Some engines can limit searches to specific areas, the most common being the document title and URL. Here’s an example of a title search: If you are looking for information on alternative medicine and believe that there are entire web pages devoted to your subject that have the keywords in the titles, you could use the syntax: title: alternative AND medicine.
Restricting Searches to Specific Media
Exclude Specific Sites
Some search engines allow you to exclude specific sites from your search results. For example, if you’re writing a paper on early video game systems, but your teacher has told you not to use Wikipedia, in Google you could type “Atari –site:wikipedia.com” and your results will exclude any Wikipedia articles.
Social Media Tags
Many search engines now allow you to search for trending topics in social media, using the @ or # symbols.
Some search engines offer an advanced search page, where you can further narrow your search. For instance, Google’s Advanced Search allows you to use many of the search functions listed above, as well as several additional parameters. You can restrict results by language, geographical region, or how recently a page has been updated. You can search within a specific domain. You can also limit results to a specific part of the page, such as the title or URL. If you need a specific file format or need to find files that you can share or make changes too (they don’t have any type of licensing restrictions), you can select those options as well.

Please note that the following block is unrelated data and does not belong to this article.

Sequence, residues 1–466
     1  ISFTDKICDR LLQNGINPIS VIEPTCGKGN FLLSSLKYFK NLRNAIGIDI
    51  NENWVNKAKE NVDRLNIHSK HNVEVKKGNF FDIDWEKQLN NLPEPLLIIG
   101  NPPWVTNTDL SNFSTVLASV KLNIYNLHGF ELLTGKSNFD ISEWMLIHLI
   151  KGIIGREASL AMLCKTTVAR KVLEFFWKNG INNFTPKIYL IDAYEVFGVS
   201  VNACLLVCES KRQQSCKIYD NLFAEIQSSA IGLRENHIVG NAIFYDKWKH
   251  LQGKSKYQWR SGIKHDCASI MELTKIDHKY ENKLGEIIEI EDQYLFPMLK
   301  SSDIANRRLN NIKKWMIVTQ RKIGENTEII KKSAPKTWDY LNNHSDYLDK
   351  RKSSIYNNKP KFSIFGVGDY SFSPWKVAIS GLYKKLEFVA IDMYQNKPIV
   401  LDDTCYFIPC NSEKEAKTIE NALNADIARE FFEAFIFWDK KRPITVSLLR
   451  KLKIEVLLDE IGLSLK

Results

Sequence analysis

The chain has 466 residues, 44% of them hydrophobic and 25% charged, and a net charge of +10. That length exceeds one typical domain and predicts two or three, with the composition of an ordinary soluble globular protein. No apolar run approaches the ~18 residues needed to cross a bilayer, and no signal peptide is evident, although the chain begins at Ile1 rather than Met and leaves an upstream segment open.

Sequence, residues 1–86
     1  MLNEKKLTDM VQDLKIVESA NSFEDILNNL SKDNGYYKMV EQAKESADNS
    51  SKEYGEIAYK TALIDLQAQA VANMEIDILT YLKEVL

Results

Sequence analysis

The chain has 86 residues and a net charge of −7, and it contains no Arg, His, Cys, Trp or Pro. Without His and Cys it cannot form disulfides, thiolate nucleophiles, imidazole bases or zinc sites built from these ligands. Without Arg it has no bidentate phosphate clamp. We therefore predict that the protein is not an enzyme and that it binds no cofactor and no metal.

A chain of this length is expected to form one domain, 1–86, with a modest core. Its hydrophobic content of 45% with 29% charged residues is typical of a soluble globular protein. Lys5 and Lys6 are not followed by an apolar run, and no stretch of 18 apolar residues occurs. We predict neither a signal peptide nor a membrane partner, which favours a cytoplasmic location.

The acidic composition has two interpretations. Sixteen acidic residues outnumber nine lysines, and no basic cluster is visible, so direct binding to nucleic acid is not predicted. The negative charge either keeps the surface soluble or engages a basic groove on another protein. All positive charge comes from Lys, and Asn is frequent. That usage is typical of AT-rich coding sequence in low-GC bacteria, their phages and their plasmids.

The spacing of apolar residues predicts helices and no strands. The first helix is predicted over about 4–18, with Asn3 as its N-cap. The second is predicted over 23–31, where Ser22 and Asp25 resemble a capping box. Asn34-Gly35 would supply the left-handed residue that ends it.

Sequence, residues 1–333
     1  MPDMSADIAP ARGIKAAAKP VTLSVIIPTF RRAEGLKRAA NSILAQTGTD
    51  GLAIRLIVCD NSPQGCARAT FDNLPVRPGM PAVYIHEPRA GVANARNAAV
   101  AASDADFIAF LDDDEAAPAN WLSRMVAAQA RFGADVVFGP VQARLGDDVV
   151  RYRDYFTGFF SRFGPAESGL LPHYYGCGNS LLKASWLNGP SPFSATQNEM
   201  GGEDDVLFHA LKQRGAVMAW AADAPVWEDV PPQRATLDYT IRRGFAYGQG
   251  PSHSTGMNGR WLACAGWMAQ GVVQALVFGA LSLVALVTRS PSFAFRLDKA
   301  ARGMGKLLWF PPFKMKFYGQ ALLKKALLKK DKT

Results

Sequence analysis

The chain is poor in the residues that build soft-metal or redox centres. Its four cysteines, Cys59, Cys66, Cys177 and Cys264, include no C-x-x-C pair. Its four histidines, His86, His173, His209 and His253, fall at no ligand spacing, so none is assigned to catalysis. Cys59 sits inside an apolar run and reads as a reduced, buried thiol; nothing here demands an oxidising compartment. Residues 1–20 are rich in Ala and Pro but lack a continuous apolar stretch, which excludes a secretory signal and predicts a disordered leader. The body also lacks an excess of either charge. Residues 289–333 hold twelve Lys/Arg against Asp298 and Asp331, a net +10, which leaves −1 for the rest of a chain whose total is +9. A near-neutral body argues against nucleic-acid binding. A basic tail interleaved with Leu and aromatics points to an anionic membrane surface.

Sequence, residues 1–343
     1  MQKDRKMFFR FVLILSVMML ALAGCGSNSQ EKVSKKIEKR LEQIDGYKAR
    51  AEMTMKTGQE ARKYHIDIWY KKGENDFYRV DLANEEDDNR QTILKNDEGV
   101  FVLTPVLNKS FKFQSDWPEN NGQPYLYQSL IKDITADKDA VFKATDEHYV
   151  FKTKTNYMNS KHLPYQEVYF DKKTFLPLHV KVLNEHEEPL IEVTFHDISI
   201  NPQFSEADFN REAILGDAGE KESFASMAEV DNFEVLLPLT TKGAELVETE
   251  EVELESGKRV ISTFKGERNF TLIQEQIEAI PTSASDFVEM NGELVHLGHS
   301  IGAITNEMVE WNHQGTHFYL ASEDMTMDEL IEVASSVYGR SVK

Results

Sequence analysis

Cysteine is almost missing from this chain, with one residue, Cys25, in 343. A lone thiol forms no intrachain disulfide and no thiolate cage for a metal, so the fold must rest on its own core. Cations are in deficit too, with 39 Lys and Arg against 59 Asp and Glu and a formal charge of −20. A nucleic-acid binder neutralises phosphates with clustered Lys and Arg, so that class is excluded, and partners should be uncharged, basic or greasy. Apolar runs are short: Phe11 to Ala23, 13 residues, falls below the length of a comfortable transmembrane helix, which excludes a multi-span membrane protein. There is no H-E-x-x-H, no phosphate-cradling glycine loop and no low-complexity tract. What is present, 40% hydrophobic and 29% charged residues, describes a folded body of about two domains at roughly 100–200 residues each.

Frequently Asked Questions
Does capitalization matter?
Capitalizing words used to be a good way to focus your search on proper nouns. For example, typing “Caterpillar” would exclude any pages that only have “caterpillar” in them. This technique could be helpful if, for instance, you were looking for the company rather than the insect. However, most search engines now ignore capital letters, regardless of where they appear in the word. This way, it doesn’t matter if you mistype the word or a particular website overuses capitals.
Can I still use a tilde (~) to search for synonyms?
The tilde (~), that squiggly symbol below the Escape key, was briefly used by Google search as a tool for finding synonyms. For example, if you were trying to find articles about cats, it would be helpful to also view articles about felines. By typing in ~feline, you would get pages that included similar terms such as feline, cat, kitty, etc. While a useful search tool, Google removed this functionality in 2013, because too few searchers were using it.
Are there other expressions I can use to narrow my search?
Yes. Unfortunately, many of them are specific to the search engine you’re using. For example, on Google, placing a minus sign before a word excludes that word from your results, the same way using NOT does with other search engines. Google also allows you to search sites the way they appeared the last time you visited them, using the “cache:” expression. This can be very useful if the site has been updated recently. If you’re searching for images on Bing, you can limit the results to only small, medium, or large images. For example, if you want a picture of a waterfall for your computer background, you could search: waterfall imagesize:large.